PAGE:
Reading History While on the Lookout for God
By Professor Emerita Ellen L. Babinsky
Instructor for “Introduction to the History of the Church”
In the New Revised Standard Version, verse 3 of Psalm 5 declares, “O Lord, in the morning you hear my voice; in the morning I plead my case to you, and watch.” I like the French version in La Bible de Jérusalem: “Au matin tu écoutes ma voix; au matin je me prépare pour toi et je reste aux aguets.” “In the morning you hear my voice; in the morning I prepare myself for you and I remain on the lookout” [my translation]. As I study history, I imagine myself in the role of the psalmist, lurking behind some kind of camouflage, or hiding in some underbrush, on the lookout for where God might be at work. Approaching the study of history as a spiritual enterprise requires the image of lurking, of being on the lookout for God. The study of the history of Christianity is not an obvious source of spiritual formation. It is not always immediately apparent to students how God is at work in the twists and turns of historical narratives; therefore, I see it as important to be a spiritual “sleuth” to lurk around the pages of history to see if I can catch a glimpse, however fleeting, of God at work in the unfolding of the story of believers’ struggle to be faithful. It is not only easy to miss seeing where God is at work; it is also easy to decide that God is not at work in one story or another. Our assumptions can get in the way, if not to blind us, then at least to cloud our vision. In the context of the metaphor of sleuthing for God, I want to highlight several claims that I make during the fall semester introductory course.
The first claim is that part of the Apostles’ Creed that we utter with ease and probably with inattention: “I believe in the communion of saints.” To believe in the communion of saints is to claim their story as my own. Believers and their communities struggled to be faithful in ways that give me courage, that affirm me in my own struggle to be faithful to God who is ever faithful. At the same time, it is not always obvious that God is at work in historical developments. For instance, Marcion was a second century believer, the son of a bishop. He attempted to make sense of the Christian teaching that Jesus Christ is the Son of God. In Marcion’s view, the teachings of the Hebrew scriptures absolutely contradicted the teachings of the Gospel. In order to resolve the contradiction, Marcion declared that there were two gods. The God of the Old Testament was a God of wrath and vengeance, and therefore was not the Father of Jesus Christ. Instead, Marcion claimed, the God of the New Testament was the God of mercy and grace and peace, and only this God was the Father of Jesus Christ. With this claim in mind, Marcion made a list of what for him ought to be the authoritative scriptures for Christians; in effect, he created the first canon of Scripture. Church leaders saw that this development needed correction and worked to develop an authoritative canon which included writings from both the Old and New Testaments. While the leadership indeed condemned Marcion’s views, his effort at trying to make sense of the Christian message offered an opportunity for other Christian leaders to make the necessary corrections. And so I include Marcion, along with many, many others, among the communion of saints.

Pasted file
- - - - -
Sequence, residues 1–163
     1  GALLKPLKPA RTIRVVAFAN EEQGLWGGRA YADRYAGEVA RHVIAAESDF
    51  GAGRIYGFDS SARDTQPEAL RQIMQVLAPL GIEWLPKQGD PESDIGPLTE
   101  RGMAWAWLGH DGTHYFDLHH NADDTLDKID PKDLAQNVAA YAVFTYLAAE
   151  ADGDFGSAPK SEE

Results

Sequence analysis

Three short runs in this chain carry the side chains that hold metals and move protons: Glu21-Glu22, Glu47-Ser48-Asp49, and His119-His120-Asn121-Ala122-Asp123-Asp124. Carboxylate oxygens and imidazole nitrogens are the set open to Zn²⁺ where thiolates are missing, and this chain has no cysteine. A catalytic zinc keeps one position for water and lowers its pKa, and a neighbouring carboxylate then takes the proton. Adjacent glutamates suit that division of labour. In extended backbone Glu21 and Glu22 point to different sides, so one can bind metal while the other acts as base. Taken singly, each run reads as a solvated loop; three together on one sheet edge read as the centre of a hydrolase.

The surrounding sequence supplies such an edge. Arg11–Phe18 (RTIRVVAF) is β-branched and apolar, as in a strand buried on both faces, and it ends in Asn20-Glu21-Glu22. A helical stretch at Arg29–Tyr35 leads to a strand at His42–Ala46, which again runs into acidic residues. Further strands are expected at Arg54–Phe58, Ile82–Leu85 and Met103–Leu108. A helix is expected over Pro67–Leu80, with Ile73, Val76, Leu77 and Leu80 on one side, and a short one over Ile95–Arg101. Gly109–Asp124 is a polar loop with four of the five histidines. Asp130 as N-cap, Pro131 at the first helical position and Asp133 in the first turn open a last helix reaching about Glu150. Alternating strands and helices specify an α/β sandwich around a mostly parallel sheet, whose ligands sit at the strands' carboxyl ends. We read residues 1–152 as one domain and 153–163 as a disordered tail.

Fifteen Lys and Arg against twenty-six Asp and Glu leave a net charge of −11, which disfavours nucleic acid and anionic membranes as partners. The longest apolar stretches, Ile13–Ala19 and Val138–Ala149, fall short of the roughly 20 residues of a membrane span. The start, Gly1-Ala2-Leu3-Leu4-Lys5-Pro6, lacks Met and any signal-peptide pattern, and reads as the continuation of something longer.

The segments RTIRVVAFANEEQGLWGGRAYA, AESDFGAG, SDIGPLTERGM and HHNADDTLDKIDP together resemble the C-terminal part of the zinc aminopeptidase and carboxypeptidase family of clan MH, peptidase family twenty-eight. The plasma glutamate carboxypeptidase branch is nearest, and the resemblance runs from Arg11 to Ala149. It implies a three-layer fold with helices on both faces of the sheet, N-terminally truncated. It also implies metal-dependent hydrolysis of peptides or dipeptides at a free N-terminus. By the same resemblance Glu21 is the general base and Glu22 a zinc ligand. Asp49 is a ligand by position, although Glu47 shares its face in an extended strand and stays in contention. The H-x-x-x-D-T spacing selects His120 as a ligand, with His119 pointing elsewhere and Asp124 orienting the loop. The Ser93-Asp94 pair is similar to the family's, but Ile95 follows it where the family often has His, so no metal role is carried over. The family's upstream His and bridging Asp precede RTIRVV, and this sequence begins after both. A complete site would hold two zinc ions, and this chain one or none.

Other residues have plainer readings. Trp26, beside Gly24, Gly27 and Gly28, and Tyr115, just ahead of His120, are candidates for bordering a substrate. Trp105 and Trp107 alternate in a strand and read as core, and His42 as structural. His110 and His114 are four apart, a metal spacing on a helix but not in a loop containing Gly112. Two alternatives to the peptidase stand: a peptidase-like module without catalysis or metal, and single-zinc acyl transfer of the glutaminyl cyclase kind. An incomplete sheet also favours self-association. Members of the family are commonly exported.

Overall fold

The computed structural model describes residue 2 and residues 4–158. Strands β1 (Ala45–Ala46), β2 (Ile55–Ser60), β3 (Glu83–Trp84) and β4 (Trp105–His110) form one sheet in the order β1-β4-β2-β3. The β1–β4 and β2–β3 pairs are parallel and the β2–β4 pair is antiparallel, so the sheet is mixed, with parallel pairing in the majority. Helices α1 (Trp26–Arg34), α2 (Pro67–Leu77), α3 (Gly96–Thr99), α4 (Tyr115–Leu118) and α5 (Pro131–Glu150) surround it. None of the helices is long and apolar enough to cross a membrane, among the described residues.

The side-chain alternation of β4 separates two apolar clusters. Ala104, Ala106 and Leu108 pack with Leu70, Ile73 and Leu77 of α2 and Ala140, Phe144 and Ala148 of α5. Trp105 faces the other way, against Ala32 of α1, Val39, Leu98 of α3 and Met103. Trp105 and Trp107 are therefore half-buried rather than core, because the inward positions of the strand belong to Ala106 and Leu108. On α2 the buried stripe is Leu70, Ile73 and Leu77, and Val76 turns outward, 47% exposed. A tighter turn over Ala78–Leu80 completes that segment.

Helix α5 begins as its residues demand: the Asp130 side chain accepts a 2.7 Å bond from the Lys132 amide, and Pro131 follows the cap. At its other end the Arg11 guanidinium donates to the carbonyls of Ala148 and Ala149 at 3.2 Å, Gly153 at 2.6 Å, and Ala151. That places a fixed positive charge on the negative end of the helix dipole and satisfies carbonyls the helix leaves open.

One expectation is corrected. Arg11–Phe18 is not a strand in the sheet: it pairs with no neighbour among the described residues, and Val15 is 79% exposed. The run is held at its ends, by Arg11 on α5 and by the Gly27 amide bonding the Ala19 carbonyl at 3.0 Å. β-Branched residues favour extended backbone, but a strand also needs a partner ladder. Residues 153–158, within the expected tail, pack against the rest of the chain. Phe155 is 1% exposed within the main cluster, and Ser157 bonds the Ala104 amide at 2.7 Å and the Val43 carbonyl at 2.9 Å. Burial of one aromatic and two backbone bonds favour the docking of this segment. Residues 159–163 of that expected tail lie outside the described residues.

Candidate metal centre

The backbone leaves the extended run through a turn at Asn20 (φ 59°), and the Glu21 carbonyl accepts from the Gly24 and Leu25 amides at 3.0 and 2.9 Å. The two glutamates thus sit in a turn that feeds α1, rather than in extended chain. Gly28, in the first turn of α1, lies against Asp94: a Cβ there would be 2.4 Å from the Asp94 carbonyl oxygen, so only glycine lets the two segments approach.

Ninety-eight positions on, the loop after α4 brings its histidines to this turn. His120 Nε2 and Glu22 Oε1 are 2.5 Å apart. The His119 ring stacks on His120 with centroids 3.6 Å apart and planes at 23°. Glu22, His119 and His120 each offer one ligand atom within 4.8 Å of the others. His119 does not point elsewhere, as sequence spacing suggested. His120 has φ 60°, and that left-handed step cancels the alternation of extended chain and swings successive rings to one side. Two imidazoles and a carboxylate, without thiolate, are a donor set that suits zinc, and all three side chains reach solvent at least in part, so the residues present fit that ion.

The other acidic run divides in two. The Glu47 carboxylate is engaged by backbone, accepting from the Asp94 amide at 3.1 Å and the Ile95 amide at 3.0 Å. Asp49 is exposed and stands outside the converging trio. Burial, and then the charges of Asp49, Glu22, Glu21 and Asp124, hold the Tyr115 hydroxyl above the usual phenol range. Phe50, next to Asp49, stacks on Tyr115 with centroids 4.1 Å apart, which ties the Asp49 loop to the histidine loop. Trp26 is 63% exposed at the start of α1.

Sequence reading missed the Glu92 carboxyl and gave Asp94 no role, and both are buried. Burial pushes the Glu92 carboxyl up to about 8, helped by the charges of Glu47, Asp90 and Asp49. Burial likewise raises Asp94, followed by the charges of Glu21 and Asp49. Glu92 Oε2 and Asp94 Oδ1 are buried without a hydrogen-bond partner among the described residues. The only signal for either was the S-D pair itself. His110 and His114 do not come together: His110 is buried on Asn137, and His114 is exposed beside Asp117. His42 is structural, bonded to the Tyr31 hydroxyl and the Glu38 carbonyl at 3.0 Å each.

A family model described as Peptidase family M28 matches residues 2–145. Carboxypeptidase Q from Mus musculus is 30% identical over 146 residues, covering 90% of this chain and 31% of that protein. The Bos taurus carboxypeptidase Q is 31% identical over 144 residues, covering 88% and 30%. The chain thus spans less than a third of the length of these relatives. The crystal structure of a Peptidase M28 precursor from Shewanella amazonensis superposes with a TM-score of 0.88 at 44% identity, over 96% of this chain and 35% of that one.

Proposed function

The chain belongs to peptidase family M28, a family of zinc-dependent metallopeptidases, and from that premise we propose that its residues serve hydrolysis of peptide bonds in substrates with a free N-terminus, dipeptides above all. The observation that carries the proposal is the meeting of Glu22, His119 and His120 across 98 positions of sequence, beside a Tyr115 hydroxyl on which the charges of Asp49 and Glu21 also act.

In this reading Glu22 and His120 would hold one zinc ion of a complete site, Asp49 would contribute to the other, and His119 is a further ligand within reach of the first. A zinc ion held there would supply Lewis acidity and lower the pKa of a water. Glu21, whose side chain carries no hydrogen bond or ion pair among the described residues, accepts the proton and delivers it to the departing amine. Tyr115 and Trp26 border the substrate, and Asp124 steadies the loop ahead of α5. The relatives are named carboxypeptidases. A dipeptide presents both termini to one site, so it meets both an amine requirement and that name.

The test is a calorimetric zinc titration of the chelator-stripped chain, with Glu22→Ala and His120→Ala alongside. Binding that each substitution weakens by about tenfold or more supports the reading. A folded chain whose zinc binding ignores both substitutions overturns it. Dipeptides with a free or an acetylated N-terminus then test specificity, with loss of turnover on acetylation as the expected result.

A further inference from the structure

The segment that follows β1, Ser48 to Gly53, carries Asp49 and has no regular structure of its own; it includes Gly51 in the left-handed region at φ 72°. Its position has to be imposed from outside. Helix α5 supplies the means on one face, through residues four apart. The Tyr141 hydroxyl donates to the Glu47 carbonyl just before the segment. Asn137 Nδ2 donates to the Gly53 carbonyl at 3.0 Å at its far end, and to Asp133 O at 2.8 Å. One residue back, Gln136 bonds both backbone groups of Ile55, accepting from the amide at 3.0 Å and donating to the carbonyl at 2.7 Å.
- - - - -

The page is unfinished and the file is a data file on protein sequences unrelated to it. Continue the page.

The second claim is that the church is of God and belongs to God. We are stewards of the mysteries of God, not owners, and certainly not managers of these mysteries. A number of times during the course of study I reflect that God preserves the church, not the flawed church leaders. Imperfect human leaders, always overly certain about how the truth shall unfold, almost always botch the job. The emperor Theodosius, having declared a doctrine to be orthodox that had earlier been declared heretical, went out hunting. For some reason his horse bolted and threw him; Theodosius died from the fall. His sister Pulcheria and her husband, Marcian, ascended the imperial throne, corrected Theodosius’s error, and the Nicene Creed was preserved for us today.
The last claim is that as multiple expressions of Christianity have emerged, I believe that the possibilities for praise of God have grown. Diverse ways of being faithful have increased the polyphony of thanksgiving to God through Jesus Christ in the power of the Holy Spirit. This diversity of praise and thanksgiving is not a denial of the prayer of Jesus that we all be one. Rather the diversity of praise declares that we stand firm in the multiplicity of our traditions as we affirm Christ’s claim on each other. The Waldensians emerged in the late-twelfth century, claiming that Scripture alone was their authority, not the pope and not the emperor. In the sixteenth century Martin Luther and then John Calvin made similar assertions, and included secular rulers in their plans for the reform of the church. Anabaptists around the same time insisted that the church must be purely separate from surrounding society, and that the secular ruler had no authority over their congregations. More than once I have declared that the drive toward uniformity is by definition divisive and violent. Such a drive is divisive because unity is not achieved; what emerges is an ethos of violence where those of differing views must somehow be silenced, usually with death.
Being on the lookout for God is a tough undertaking. Lurking around the stories of our Christian forbears to see where God is at work can move us to the margins of our assumptions and of our understanding. Such spiritual sleuthing forces us to ask difficult questions, and when we least expect it, we find ourselves praising and glorifying our great God who leads us on . . . and on.